"The country is broke"

Everybody knows that Ireland is broke. So many important people have told us this so many times that it simply must be true. The story is so familiar at this stage that it almost writes itself. The good times are over and we will have to stop living beyond our means. Even the risk takers and thrill seekers who made the desert bloom in the first place are on their uppers. We will all have to tighten our belts. But at least we're all in this together...By Colin Coulter


There is no alternative

There is no alternative

Raising corporation tax is out of the question; defaulting on debt is unthinkable; we cannot burn the bondholders; the deficit must be reduced to 3% of GDP by 2014. These are the incontrovertible "truths" postulated by the majority of our politicians.


The IMF-ECB 'bailout' is the best deal

The IMF are not hear to rescue us from our inept politicians. When the IMF pumps money into a struggling economy, they're not trying to help its people cope with hard times. Their goal is to protect foreign banks who would take a hit if Ireland defaulted on its loans. This has been the pattern ever since the first big bailout organised by the IMF when Mexico was about to default in the 1980s.

The country is broke

The country is broke

The country is not broke. The Irish State is fully funded up until mid-2011; it is the banks that are running out of money and precipitated the arrival of the IMF/EU. Ireland is still a wealthy country. In 2007 the richest 1% of the population owned 34% of the wealth. In October 2010 the economist Tom O'Connor estimated that the total net worth of 33,000 Irish millionaires was €121 billion. In 2009 Google Ireland Limited increased pre-tax profits to €47.5 million, from €10 million in 2008.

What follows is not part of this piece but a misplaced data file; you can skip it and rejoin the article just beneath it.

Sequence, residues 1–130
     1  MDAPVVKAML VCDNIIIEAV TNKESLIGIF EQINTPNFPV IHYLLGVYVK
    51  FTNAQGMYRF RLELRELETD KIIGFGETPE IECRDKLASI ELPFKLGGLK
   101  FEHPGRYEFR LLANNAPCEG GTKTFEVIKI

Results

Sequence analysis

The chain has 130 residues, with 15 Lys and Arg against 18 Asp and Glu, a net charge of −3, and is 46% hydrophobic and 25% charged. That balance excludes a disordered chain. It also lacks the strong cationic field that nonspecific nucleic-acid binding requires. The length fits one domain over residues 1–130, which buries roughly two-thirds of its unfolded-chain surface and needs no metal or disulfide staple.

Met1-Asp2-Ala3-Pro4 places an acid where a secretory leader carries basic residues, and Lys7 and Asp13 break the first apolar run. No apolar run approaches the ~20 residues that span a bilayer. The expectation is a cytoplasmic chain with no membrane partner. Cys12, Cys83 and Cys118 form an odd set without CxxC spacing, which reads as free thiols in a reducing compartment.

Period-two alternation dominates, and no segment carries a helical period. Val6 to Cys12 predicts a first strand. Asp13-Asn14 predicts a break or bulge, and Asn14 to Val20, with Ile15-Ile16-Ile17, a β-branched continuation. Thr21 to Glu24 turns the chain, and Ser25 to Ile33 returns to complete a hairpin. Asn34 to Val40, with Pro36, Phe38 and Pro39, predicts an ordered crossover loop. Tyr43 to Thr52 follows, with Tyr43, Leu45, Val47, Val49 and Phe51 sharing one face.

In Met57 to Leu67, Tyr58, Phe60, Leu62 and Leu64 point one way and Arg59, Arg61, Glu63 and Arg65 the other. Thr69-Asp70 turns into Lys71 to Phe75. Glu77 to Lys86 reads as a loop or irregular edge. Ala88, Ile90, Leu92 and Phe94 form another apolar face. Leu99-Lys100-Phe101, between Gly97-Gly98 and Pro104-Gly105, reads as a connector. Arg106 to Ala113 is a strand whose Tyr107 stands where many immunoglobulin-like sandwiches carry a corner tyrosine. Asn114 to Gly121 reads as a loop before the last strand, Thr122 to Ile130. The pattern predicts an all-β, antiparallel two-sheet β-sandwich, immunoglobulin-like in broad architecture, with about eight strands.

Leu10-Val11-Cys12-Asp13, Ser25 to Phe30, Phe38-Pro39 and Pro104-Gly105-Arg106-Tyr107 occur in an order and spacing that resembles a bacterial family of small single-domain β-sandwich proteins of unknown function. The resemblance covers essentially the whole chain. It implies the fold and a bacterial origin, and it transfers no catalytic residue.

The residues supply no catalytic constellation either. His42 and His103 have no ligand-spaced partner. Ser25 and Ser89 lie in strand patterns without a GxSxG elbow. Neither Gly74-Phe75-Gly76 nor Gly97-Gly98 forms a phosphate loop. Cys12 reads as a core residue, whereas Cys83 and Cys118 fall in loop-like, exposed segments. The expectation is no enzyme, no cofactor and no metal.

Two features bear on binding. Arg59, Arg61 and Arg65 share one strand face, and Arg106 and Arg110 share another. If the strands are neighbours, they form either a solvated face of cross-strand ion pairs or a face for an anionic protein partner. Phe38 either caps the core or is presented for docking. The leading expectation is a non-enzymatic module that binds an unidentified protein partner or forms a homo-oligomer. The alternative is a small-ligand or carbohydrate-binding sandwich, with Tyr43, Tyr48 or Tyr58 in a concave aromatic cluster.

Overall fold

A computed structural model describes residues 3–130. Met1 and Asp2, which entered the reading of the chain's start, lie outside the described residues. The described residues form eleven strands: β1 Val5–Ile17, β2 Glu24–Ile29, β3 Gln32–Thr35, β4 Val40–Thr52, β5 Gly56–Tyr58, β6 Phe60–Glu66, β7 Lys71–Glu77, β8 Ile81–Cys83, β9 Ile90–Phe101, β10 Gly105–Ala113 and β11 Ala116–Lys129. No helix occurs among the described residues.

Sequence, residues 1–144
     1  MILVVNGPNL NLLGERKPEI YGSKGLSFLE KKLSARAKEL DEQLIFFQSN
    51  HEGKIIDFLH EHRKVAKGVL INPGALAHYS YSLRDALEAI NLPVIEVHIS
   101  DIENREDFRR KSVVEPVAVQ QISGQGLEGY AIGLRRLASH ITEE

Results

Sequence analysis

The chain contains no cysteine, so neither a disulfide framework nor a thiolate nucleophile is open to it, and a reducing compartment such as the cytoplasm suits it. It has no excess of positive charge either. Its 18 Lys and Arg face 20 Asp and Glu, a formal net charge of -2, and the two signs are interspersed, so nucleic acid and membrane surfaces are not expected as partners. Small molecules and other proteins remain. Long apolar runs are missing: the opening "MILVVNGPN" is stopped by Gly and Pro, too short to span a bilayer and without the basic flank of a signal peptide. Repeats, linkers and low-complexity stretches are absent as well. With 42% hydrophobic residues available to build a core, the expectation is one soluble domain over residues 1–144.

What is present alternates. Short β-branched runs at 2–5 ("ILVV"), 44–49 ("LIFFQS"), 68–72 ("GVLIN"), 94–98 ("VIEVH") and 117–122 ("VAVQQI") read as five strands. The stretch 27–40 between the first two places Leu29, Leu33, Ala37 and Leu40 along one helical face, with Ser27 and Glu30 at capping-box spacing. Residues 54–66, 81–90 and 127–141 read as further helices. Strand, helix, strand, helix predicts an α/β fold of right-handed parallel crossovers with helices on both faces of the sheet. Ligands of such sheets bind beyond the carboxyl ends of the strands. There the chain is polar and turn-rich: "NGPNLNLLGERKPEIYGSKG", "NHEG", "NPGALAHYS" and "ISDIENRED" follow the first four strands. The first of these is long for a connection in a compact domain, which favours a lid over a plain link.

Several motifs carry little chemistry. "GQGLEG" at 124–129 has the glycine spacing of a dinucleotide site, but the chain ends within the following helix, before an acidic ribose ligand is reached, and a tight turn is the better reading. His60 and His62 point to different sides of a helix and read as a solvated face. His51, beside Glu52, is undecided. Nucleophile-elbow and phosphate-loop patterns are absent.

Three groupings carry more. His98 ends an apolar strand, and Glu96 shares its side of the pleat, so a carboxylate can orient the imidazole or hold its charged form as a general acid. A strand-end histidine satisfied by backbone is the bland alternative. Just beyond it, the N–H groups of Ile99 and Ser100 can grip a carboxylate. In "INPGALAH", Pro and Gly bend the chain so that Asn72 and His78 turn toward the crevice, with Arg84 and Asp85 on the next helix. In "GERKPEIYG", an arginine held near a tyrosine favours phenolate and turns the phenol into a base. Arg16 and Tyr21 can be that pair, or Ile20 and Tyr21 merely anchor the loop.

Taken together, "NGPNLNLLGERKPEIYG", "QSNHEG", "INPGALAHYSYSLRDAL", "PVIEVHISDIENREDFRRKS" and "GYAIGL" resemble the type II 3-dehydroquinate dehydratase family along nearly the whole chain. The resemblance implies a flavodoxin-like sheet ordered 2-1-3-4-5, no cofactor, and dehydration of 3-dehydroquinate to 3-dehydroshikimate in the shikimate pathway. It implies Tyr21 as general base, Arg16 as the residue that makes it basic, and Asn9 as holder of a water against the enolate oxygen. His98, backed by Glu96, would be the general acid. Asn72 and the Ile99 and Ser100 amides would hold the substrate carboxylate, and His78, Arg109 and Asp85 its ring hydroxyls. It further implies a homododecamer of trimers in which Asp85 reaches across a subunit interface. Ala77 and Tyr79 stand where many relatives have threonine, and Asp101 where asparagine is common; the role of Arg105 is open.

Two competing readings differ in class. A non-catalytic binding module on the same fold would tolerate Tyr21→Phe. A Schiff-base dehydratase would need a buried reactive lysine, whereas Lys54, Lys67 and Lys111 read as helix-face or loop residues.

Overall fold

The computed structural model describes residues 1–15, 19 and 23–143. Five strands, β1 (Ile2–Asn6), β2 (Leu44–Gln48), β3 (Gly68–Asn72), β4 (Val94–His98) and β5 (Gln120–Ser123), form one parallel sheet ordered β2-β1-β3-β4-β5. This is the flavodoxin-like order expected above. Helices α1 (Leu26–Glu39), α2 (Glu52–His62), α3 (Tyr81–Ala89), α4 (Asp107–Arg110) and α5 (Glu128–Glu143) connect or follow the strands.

We're all in this together

"We're all in this together"

The idea that we all have to share both the blame and the pain in the current economic crisis is one of the most fallacious assertions trotted out repeatedly by both politicians and journalists. Brian Lenihan said recently: "Let's be fair... we all partied". No, we didn't. It is clear that 'we' is the most abused pronoun in Irish political language.

“The IMF bailout will save us”

Brian Lenihan and those members of the government that now defend the bank bailout are insisting that the funds from the IMF are like an overdraft. They will only be drawn upon should they be needed. These funds have been described by him as the“firepower that stands behind the banking system”, to protect us against the worst effects of the markets.


"Now is not the time for the equality agenda”

The European Commission has told Europe’s governments to see gender equality policies as a long term investment not a short term cost. Seeing equality as a luxury, which can wait, and not as an essential component of recovery has profound consequences. But a more equal society is a fairer society, one in which people can have decent housing, good working conditions and participate with others in the cultural and social life of Ireland.